E Banking in India has become more a norm than an option. But increasing vulnerabilities have made the system unsafe for ordinary Bank customers. Banks are reluctant to improve security..we need a public organization to improve E Bankign safety.
WE ARE now remembering the tenth anniversary of the terrorist attack on the World Trade Center in New York, which marked the beginning of a crusade against terrorism led by USA. India should be considered as a prominent member of this crusade though we are more a victim than a fighter in the cause.
A similar situation now exists in the fight against Unsafe E Banking services prevalent in India to, which Naavi has been drawn through circumstances.
Despite increasing threats and vulnerabilities, Indian Banking industry is going ahead with large scale use of Internet technology for customer interaction to the extent that 'Internet/Electronic device based interaction' is today considered the more natural interaction with the customers and many Banks impose a financial cost for customers who want physical interaction.
There are Banks who say that you cannot use cheques for more than a few times to draw cash or to be issued to a payee who wants to draw cash from a branch other than the parent branch etc. Passbooks are discouraged and e-mail statements are preferred. Across the desk complaints are discouraged and online complaints are encouraged. Intercity cheque collection is discouraged and NEFT is encouraged. In effect E-banking is becoming more the norm than an option.
While for a technology enthusiast like me this migration from Physical Banking to E-banking is exciting, the bug is the increased risk of loss of money which the customers are exposed to.
Insecure Technology is Undesirable:
In view of the increasing threats and costs which customers are forced to bear, I often wonder if technological development which affects the basic security of Banking is in deed desirable? The introduction of M-Banking makes me even more worried.
It appears that Commercial Banks are driven by the greed of profit and would not mind sacrificing the safety of Banking if they can make more money. A customer today is a "Profit Opportunity Centre" and after luring a customer into opening an account, various kinds of service charges are hoisted on him some with his permission and some without.
Simultaneously whenever the technology deficiencies result in a financial loss to the customer in the form of phishing etc., the customer is told that he should bear the liability and not the bank.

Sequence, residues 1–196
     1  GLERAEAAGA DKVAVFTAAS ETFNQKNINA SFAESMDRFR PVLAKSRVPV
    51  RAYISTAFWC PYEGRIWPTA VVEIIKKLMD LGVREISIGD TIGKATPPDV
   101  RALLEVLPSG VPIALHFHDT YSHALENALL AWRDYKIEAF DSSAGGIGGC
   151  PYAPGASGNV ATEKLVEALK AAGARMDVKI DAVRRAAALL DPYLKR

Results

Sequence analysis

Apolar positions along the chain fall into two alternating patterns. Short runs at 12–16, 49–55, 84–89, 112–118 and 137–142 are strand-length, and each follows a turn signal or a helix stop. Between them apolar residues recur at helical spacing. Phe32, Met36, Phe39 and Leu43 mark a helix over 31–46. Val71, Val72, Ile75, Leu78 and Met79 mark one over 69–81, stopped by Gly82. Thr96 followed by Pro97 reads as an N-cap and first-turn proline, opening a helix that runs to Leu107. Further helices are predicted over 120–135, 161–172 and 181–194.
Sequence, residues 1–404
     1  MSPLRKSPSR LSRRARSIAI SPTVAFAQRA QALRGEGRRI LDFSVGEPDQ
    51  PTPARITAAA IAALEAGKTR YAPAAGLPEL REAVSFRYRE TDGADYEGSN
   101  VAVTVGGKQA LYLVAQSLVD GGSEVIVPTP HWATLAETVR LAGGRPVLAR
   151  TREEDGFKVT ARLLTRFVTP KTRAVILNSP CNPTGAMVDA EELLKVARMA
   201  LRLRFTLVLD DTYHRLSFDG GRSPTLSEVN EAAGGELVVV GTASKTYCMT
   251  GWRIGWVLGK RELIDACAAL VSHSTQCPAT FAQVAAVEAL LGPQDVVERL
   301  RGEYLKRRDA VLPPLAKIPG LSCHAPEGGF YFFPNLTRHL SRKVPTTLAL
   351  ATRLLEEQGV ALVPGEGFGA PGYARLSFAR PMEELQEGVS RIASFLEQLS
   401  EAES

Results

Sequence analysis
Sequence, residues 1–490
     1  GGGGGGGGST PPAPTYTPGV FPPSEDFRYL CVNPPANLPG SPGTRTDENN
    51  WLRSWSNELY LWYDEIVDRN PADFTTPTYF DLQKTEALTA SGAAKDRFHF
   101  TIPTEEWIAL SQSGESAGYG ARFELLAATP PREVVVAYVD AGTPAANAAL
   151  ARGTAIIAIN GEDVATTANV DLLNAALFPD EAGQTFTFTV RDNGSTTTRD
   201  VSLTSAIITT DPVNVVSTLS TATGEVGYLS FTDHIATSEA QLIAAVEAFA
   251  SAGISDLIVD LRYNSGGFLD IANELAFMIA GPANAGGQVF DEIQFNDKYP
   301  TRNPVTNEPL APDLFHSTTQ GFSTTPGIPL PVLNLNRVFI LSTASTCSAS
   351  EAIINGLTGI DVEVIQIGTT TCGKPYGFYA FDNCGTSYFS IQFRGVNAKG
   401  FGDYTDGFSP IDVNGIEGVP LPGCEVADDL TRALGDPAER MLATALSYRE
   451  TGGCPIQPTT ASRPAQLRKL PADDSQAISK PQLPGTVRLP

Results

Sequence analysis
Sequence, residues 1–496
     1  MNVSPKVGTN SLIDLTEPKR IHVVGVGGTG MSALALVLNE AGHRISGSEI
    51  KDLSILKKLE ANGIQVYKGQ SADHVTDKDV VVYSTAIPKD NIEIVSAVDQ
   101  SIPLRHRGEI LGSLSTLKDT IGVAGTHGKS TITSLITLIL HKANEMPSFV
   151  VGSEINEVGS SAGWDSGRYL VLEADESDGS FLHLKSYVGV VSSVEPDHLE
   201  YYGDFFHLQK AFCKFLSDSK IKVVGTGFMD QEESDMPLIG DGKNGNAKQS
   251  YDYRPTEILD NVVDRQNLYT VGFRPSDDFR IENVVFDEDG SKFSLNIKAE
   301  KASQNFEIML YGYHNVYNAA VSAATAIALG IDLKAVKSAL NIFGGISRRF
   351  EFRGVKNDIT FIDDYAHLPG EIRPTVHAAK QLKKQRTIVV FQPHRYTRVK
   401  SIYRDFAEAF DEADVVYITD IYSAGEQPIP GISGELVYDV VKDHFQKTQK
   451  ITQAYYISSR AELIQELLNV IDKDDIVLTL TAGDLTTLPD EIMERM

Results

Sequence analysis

Since E-bankers in India have become untrustworthy, it is time for RBI to review the technology thrust in Banking that it started in all earnestness in the 80s.
RBI Needs to Strengthen Deterrence Mechanism
Reserve Bank of India has tried in vain to impose security obligations on the Bank. It has told in no uncertain terms in the Internet Banking Guidelines of June 14, 2001 that the laws of Banking in the physical space continue in Cyber space and all consumer protection laws applicable to physical banking also apply to Internet banking. They also stated that if Banks introduce technology which is not recommended in law (eg: authentication by password instead of digital signatures) then they should bear the legal risk and cover themselves with an insurance.
Despite these instructions being reiterated by the G Gopalakrishna working group (GGWG) report and further by the Damaodaran Committee report, Banks continue to ignore the RBI as well as the law. This has made it necessary for customers to fight legal battles when there need not be any.
It is becoming increasingly clear that Banks are trying to come together in an unholy alliance to continue their insecure methods of E Banking at the expense of the customers and trying to manipulate the legal processes as well as the administrative processes. It has become common for the banks to make blatantly false pleadings before judicial forums that they are following RBI guidelines and are not at fault in a fraud scenario. Now in some cases I have observed that such false pleadings are also made in official letters sent to RBI.
There are indications to conclude that Banks are also trying to manipulate the Government decisions for their advantage through various means.
Though RBI has been forthright in its circulars and notifications, it appears to be failing in imposing discipline through appropriate deterrence mechanism. The GGWG notification is however an attempt to fix accountability of Bank Chairmen through disclosures in annual reports and hopefully this should work better than in the past. However it is not clear if even this measure will be trivialized by Banks by making it a formality which they can bluff through.
Time has come for RBI to therefore consider quick measures such as exemplary fines and notifications in the service records of officials and imposing token personal fines on the officials for the lapses as in the RTI Act.